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Burglars: No fourth man was involved

Burglars: No fourth man was involved

From the Brittany Zimmermann homicide: Read the original reports series

Two of the three young men who burglarized a Madison bar in 2008 said detectives told them forensic evidence shows there was a fourth burglar who also was involved in the killing of a UW-Madison student three months earlier.

But in separate interviews this week at the Racine Youthful Correctional Institution, Spencer L. Hutchins and Darrielle L. Banks said they know nothing about the strangulation and stabbing death of Brittany Zimmermann. They also denied a fourth burglar was involved in the bar break-in.

"Everybody on that case went down for that case," Hutchins said of the July 9, 2008, burglary at the Blue Moon Bar and Grill, 2535 University Ave. "There's nobody else ... It was just us."

Hutchins, 20, along with Banks and Ryan K. Cook, both 19, admitted to the Blue Moon break-in and burglaries at several other nearby businesses that night.

According to Dane County Circuit Court records, DNA associated with the Blue Moon break-in does not match any of the three Madison men who admitted to the burglary, nor anyone in a national database, leading police to believe a fourth person was involved in the burglary.

Hutchins and Banks said Madison detectives told them forensic evidence places a fourth burglar at the scene of the April 2, 2008, Zimmermann homicide.

"I see what they're saying, but I don't understand it at all because it's not true," Banks said.

Zimmermann, 21, was killed after returning from an exam at about 12:30 p.m. after someone forced open the outside door to her apartment building.

Police have refused to comment on any evidence or persons of interest in the Zimmermann case. Central District Capt. Mary Schauf declined to comment on Hutchins' and Banks' statements.

According to court records, the DNA associated with the Blue Moon burglary was found on what appeared to be the inside of a Plexiglas window, eliminating the possibility that it came from a random person walking by and touching it. The window, which was removed in an unsuccessful attempt to enter the bar, covered a neon sign. A wall behind the sign prevents access to the Plexiglas window from inside the bar.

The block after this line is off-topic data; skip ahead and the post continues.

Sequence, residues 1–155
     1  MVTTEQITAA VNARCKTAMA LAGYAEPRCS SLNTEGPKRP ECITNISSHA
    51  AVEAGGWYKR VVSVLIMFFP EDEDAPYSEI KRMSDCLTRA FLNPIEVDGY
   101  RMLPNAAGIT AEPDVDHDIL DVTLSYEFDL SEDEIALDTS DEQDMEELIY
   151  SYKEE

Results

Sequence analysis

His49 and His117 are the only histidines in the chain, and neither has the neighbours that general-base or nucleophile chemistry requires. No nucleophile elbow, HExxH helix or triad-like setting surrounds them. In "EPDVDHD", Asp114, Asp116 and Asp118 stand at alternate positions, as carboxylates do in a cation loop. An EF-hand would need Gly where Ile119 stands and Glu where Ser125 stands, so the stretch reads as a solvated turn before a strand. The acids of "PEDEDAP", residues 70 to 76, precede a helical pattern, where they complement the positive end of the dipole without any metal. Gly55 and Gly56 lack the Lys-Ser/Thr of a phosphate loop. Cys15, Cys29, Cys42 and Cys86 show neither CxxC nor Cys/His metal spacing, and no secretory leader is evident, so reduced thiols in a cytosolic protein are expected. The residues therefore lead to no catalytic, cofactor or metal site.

It's unclear why police believe the DNA was left during the burglary rather than at some other time.

Hutchins, whose fingerprint was found on the window with the unidentified DNA, said he sees "no possible connection" between Zimmermann's killing and the Blue Moon burglary. He called any evidence that might link the two "a fake lead."

According to court records, Hutchins' attorney, Kate Findley, told a judge at an Oct. 14, 2009, resentencing hearing that prosecutors were "offering consideration if Mr. Hutchins was willing to testify in other matters, which he was not" because "It basically would have put his life in danger."

Hutchins said Findley was not referring to the Zimmermann case, but to burglaries he committed in Middleton.

Middleton police Capt. Noel Kakuske said he was not aware of anything in Hutchins' Middleton cases that would put his life in danger. Madison police would not say if Findley's statements were related to the Zimmermann case. Findley has not responded to repeated attempts to reach her for comment.

Banks said detectives initially told him they were investigating a "more serious case," which they would not identify, and offered him a monetary reward for information. Then last year, Banks said, two detectives visited him at the Racine prison, showed him a photo of Zimmermann and said forensic evidence showed a fourth person was involved in both the Blue Moon break-in and Zimmermann's killing.

"I ended the interrogation right then and there 'cause I was getting mad at the point in time 'cause it seemed they were trying to put it on me," Banks said.

Banks said police also offered his mother a reward from a fund that now stands at $40,000 for getting Banks to provide information.

"My mother's been swabbed for DNA. My whole family been swabbed for DNA," Banks said. "They been following my mother around. They been following my baby mother around."

Banks said he told police the names of five other people he claimed at the time had also taken part in the Blue Moon burglary "just to be throwing something out there" because he was "frustrated with the whole situation" and "wanted to go home."

Hutchins and Banks both said they think of the other like a "brother." Both also denied they were involved in gangs, as police and court records indicate.

"I feel hurt for her family," Hutchins said of Zimmermann, "I feel for her mom, but I cannot help her ... This murder happened when we were somewhere else."

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